One of the most extraordinary phenomenon of modern UK political times has been the massive increase in Labour’s membership since GE2015. The figures are just astounding and there is no parallel.
Membership, May 6th 2015: 201,293
Membership, January 10th 2016: 388,407
Membership, August 2016: 515,000
From a political organisational point of view this is amazing because the general view is that more members mean more people ready and able to carry out the grunt work of winning elections.
More people to organise local fundraising, more people to address and stuff envelopes; more people to deliver leaflets to more homes on a regular basis; more people to knock on doors and more people to make phone calls to potential voters and on election days themselves more people to get the vote out.
The huge SNP membership increase that we saw after the September 2014 IndyRef was the precursor to the party going from 6 Westmnster MPs at GE2010 to taking all but 3 of Scotland 59 seats at GE2015.
On a much lesser scale but still the same trend the Lib Dem membership increase in GE2015 has been the platform on which its recent success in local government have been based. The biggest net increase of any party in the May 2015 locals and a gain a week in the regular local by-elections since the EU referendum.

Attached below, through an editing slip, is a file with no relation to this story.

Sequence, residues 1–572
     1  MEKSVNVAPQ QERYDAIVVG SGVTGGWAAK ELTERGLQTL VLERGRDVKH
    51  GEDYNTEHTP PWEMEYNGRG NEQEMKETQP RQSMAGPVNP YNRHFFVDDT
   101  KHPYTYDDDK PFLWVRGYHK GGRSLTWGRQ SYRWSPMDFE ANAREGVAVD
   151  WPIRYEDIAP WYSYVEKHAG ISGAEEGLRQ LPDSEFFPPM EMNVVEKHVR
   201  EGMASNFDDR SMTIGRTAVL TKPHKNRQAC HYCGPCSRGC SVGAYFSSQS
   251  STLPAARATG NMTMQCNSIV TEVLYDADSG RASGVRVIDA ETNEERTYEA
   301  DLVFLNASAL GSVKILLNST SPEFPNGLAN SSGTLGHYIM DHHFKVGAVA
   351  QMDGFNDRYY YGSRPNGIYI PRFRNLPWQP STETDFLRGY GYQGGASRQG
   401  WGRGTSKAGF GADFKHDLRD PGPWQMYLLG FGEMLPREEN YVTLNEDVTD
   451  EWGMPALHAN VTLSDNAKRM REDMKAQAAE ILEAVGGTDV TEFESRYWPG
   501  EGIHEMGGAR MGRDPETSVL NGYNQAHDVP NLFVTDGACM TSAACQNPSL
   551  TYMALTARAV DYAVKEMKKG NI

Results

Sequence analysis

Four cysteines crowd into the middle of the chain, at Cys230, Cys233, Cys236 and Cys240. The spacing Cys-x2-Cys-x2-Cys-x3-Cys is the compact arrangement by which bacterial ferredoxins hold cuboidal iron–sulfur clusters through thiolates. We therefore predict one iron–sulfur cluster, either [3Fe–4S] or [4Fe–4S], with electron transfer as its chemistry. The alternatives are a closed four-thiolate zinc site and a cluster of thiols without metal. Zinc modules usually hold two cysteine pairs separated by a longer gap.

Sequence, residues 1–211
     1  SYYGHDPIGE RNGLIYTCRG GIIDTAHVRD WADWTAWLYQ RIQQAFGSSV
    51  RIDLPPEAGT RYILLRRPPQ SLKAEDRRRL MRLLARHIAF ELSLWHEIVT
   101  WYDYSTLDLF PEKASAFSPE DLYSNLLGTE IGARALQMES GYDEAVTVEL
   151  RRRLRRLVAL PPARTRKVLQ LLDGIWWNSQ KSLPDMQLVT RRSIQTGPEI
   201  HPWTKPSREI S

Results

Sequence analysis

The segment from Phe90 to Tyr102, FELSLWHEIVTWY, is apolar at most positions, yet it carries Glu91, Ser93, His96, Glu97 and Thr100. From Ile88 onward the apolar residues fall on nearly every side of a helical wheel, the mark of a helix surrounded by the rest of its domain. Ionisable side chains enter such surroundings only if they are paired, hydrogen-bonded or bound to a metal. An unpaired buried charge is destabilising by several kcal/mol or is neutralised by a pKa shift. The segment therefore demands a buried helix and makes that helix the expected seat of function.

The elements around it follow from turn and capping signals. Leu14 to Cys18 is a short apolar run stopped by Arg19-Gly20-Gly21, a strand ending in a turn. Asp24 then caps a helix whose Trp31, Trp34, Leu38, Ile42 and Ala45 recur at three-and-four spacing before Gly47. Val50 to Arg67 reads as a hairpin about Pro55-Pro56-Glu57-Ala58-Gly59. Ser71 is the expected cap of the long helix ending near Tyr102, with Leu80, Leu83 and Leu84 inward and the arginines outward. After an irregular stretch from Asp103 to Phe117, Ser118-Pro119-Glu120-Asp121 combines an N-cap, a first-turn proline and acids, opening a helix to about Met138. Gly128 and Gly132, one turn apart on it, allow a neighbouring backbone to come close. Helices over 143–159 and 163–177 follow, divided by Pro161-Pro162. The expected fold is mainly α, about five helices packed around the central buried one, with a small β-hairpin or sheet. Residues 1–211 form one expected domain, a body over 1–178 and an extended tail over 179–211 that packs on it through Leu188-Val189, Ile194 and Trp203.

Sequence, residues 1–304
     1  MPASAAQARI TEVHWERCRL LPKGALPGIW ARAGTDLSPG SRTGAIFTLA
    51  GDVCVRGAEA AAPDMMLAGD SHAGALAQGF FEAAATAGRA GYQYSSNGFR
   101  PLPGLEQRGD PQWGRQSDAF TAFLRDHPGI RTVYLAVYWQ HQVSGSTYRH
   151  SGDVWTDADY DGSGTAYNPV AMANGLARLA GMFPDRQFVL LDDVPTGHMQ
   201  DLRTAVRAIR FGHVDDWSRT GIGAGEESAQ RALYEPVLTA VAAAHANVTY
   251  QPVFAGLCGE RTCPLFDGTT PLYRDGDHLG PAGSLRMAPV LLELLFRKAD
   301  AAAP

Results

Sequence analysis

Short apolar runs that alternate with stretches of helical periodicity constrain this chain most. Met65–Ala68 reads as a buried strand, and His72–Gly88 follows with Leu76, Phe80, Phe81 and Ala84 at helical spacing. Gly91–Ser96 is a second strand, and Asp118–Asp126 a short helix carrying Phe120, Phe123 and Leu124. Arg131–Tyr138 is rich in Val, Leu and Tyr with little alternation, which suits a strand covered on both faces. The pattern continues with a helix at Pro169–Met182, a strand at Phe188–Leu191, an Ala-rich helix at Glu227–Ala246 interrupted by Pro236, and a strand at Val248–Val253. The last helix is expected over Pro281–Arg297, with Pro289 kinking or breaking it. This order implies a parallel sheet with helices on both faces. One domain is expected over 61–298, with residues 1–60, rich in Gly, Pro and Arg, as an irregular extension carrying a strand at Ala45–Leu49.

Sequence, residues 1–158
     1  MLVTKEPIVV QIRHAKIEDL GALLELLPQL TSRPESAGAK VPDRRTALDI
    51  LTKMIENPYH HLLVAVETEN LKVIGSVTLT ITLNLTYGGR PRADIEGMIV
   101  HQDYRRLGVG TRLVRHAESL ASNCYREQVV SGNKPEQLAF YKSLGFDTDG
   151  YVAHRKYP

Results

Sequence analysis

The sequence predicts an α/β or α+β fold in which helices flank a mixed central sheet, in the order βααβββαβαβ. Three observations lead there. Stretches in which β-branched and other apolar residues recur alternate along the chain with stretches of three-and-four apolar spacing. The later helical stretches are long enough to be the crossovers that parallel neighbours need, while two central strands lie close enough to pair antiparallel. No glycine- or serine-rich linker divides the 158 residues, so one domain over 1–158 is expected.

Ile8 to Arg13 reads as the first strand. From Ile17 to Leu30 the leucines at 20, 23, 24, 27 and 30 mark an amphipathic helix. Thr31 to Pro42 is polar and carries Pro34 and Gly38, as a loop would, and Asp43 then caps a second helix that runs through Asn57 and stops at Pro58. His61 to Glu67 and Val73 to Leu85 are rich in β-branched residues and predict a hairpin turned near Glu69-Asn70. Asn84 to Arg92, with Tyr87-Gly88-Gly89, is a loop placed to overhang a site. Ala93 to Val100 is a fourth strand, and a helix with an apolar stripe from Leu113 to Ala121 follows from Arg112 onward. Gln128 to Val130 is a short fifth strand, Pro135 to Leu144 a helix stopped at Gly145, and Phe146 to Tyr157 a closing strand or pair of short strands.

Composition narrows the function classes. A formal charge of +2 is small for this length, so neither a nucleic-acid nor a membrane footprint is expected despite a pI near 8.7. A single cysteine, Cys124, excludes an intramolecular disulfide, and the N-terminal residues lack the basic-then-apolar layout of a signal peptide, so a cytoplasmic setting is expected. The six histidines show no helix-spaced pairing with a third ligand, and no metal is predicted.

So what’s happened to Labour? The fact is that the total number of elected positions it holds has actually declined over the past year. Scotland, which was going to be Corbyn’s first priority is a disaster, unprecedented seat losses for the main opposition party in a non-general election year in the May elections and a net increase of just two councillors in local by elections.
One of the reasons PB monitors local by-elections so closely every week is that they are a great barometer of party organisation and morale. Labour’s new members should be giving it an edge that we can see every week. That hasn’t happened yet.